While I sympathize with Scorsese’s sadness concerning the absence of artistic merit on the big screen as of late, I am left to wonder whether Hollywood execs and accountants are solely–or even primarily–to blame. Isn’t it possible that technology has modified the market beyond any individuals’ control? Streaming has given the introverted population an excuse to avoid rubbing shoulders with noisy strangers or paying $20.00 for popcorn and soda. Consequently, the films shown upon the big-screen are increasingly those that lack the–shall we say, nuance?–that this portion of the populace demands. Now one need only cater to moviegoers who are contented with shaky-cam explosions, car chases, etc., because they are the only ones who actually go to the movies. Scorsese recalls a tribal cinema which had to tickle the fancy of intellectual and salt-of-the-earth types. Not only does this no longer exist–it is never coming back.
Of course, this cannot entirely account for the Idiocracy-esque dumbing down that mainstream entertainment is experiencing. No one is watching Game of Thrones or The Walking Dead on the big screen, yet the recent story decisions of both confirm that some of the world’s best-paid writers have entirely forgotten how to conclude a tale. This is probably due more-so to the influence of postmodernism than the free market. Today’s writers increasingly feel that they must subvert classical narratives to avoid being associated with the icky ancients (by ancients, I mean Jung & Campbell) who crafted them. Simultaneously, the temptation to “do something new” is overwhelming, and like any experimentation is bound to fail spectacularly many times before it produces a single success.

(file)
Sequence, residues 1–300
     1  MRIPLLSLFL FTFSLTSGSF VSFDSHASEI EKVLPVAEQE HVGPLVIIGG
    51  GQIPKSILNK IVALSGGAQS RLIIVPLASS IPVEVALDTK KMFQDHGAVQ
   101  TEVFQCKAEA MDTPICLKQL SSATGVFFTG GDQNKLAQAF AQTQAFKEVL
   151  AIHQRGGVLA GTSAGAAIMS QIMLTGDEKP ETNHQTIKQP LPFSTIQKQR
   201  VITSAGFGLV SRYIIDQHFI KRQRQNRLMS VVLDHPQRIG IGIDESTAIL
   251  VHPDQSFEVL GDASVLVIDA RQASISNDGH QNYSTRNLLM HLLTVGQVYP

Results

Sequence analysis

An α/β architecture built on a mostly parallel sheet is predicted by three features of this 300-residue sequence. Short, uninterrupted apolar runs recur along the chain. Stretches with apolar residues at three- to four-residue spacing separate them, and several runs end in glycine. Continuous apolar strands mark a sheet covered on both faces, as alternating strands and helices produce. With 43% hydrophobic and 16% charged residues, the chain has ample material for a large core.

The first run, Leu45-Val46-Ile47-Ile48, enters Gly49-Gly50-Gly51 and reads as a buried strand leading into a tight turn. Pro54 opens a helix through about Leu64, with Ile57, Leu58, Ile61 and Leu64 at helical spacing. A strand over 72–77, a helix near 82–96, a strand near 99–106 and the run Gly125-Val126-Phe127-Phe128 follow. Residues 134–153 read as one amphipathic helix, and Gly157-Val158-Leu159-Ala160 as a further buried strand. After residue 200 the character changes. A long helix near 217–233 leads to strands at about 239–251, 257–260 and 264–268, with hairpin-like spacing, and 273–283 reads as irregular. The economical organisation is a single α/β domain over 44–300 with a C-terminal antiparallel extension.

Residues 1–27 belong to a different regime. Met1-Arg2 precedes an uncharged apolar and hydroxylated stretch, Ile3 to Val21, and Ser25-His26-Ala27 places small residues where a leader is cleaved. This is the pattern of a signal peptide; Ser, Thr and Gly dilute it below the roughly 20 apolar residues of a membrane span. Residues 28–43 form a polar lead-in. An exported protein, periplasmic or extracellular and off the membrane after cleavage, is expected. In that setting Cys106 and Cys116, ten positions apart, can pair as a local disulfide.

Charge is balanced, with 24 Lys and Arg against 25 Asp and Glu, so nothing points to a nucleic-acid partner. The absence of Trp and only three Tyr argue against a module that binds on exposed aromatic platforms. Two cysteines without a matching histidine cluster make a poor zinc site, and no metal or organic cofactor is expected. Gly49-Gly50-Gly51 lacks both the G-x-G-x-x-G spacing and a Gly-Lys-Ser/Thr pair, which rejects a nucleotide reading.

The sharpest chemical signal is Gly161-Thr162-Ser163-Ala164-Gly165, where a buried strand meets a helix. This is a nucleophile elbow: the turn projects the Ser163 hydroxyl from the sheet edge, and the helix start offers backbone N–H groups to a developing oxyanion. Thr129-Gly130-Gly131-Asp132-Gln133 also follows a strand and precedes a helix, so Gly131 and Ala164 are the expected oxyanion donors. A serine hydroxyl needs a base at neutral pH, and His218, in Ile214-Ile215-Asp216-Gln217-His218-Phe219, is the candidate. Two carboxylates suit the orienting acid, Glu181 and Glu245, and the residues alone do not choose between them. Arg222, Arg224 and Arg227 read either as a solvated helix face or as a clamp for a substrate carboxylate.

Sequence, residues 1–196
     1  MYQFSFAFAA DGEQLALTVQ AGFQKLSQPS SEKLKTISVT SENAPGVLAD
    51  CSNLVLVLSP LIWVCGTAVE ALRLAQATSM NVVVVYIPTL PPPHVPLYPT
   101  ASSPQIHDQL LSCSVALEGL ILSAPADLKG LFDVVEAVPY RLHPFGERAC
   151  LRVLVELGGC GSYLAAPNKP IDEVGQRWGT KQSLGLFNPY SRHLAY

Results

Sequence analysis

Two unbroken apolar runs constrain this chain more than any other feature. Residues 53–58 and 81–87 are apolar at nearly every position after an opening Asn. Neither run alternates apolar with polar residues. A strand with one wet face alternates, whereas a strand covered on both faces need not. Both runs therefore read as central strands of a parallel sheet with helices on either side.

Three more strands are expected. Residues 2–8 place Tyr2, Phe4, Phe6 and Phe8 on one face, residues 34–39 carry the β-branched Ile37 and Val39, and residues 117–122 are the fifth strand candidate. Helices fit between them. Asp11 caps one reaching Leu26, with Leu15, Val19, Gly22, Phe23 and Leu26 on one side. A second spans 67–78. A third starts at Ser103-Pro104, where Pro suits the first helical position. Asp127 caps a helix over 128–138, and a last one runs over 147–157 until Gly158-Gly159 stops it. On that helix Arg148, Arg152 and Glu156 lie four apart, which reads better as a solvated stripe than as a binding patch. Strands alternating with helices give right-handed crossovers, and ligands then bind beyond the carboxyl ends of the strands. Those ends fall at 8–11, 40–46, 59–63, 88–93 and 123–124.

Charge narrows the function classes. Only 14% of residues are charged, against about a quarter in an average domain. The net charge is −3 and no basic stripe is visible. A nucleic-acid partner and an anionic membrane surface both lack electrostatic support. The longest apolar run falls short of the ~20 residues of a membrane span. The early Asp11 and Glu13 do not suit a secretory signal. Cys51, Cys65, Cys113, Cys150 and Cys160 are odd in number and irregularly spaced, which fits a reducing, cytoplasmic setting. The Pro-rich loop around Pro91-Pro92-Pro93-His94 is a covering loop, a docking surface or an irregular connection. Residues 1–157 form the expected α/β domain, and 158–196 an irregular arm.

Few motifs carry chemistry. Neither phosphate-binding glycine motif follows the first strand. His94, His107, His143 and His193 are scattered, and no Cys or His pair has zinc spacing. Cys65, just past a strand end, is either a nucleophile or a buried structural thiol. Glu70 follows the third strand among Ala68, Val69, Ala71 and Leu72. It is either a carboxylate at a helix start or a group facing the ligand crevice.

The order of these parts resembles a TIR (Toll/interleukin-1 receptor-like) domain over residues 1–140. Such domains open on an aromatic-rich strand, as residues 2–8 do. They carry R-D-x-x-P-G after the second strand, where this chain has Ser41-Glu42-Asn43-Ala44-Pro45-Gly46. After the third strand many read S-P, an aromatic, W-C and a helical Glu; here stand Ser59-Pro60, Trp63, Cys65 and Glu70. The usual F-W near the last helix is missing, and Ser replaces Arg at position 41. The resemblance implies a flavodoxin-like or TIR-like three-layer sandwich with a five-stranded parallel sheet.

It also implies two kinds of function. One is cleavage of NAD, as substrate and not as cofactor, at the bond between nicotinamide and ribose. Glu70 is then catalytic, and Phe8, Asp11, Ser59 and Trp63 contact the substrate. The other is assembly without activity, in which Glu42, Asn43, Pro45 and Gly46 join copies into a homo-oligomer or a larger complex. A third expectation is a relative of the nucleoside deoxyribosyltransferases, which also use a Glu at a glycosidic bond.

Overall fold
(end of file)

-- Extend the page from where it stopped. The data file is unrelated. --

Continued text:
Scorsese fears the art of cinema turning into a theme park. But with no one buying admission to abominations like Terminator: Dark Fate, perhaps the cinematic imbalance between brain-food and nervous-system-candy is slowly but surely self-correcting. As for coaxing introverts away from streaming and back into theaters–short of burly bouncers who are legally allowed to pluck moviegoers’ intrusive smart phones from their hands and snap them in half, I just don’t see it.